The detection of anti-cancer drugs in surface waters at ng/L indicates that most wastewater treatment processes currently applied are not effective enough to remove these resilient compounds from wastewater. Therefore alternative treatment processes should be tested to avoid discharges in the environment of drugs that have been linked to genotoxic effects. The innovative contribution of this study stands in coupling nanofiltration with advanced oxidation processes to treat real secondary wastewater effluents spiked with 4 widely consumed anti-cancer drugs. Direct photolysis was found to be extremely effective to degrade etoposide and paclitaxel from the secondary effluent as well as from the highly concentrated retentate produced by nanofiltration. The two drugs were not detected after 10 min of exposure that corresponds to higher than 98% removals given the method detection limits by direct injection. This is equivalent to pseudo-first order degradation rate constants higher than 0.46 min-1, which, to the best of the author's knowledge, has not yet been reported for paclitaxel in the literature. However, none of the tested oxidation processes (UV, UV/TiO2 and UV/H2O2) using the reactor setup, exposure times and concentrations of TiO2 and H2O2 tested, were able to degrade cyclophosphamide or ifosfamide effectively. Compared to literature data, this is probably related to the low amount of photons received by the treated media. Finally important aggregation of catalyst particles was observed in secondary effluent, and photocatalysis had no advantage compared to the other two processes tested.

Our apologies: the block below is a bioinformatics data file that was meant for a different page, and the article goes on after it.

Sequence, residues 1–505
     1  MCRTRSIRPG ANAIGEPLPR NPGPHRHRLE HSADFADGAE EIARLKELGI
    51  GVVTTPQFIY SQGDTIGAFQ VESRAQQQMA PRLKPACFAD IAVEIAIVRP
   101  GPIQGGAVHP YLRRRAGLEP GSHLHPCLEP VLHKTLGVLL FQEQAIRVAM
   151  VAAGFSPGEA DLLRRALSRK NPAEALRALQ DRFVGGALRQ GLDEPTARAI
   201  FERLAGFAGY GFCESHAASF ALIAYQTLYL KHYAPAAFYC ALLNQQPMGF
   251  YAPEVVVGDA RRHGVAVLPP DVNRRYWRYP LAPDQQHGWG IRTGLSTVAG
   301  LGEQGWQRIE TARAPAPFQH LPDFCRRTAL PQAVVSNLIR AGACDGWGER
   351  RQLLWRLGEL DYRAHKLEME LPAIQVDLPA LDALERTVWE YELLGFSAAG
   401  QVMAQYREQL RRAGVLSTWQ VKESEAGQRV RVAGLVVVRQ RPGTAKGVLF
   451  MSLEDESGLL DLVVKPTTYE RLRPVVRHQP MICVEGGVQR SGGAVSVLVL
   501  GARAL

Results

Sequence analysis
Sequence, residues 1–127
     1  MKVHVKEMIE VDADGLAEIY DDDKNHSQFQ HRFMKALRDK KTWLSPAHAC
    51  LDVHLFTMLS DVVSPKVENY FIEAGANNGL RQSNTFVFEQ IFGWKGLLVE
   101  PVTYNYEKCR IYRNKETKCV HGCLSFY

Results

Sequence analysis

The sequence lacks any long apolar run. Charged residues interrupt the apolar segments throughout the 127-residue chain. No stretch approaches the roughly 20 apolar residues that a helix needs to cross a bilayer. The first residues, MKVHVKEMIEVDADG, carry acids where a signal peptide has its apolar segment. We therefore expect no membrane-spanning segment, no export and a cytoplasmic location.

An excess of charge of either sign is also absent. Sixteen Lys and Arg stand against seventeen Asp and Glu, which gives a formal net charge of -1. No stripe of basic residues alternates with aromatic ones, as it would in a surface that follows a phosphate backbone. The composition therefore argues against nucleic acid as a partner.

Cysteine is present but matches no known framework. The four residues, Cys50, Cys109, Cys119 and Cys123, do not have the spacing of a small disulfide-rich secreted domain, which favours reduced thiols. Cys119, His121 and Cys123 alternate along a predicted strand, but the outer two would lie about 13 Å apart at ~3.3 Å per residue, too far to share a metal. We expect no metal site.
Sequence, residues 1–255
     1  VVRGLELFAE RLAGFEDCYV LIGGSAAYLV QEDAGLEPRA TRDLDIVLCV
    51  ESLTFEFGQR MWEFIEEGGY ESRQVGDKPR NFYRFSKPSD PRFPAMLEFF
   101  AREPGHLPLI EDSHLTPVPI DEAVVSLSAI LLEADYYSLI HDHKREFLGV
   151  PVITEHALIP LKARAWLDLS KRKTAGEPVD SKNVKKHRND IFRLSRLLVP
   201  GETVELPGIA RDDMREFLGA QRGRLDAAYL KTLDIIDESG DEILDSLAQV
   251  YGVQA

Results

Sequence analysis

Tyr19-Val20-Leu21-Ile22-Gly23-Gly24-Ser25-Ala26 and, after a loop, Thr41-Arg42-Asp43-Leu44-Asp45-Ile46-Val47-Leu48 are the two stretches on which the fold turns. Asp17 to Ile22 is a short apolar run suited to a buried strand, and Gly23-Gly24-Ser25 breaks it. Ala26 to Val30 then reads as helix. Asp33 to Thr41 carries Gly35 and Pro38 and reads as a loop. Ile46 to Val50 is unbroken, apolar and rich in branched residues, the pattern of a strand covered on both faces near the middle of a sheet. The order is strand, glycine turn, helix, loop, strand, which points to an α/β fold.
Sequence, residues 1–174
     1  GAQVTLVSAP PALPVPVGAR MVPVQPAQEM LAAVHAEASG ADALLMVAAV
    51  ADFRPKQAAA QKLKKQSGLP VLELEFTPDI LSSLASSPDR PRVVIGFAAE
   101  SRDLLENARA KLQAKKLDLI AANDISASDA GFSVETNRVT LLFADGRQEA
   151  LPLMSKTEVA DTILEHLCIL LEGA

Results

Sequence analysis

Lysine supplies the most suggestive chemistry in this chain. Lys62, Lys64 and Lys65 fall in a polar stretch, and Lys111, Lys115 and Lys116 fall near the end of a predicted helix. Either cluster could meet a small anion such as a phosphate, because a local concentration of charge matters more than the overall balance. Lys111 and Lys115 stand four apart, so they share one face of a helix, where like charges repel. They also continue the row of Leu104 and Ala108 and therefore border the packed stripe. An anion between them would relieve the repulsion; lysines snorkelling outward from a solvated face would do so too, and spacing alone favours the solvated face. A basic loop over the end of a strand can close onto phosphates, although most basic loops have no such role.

- Advanced oxidation processes
- Anti-cancer drugs degradation
- Nanofiltration retentate treatment
- Secondary effluent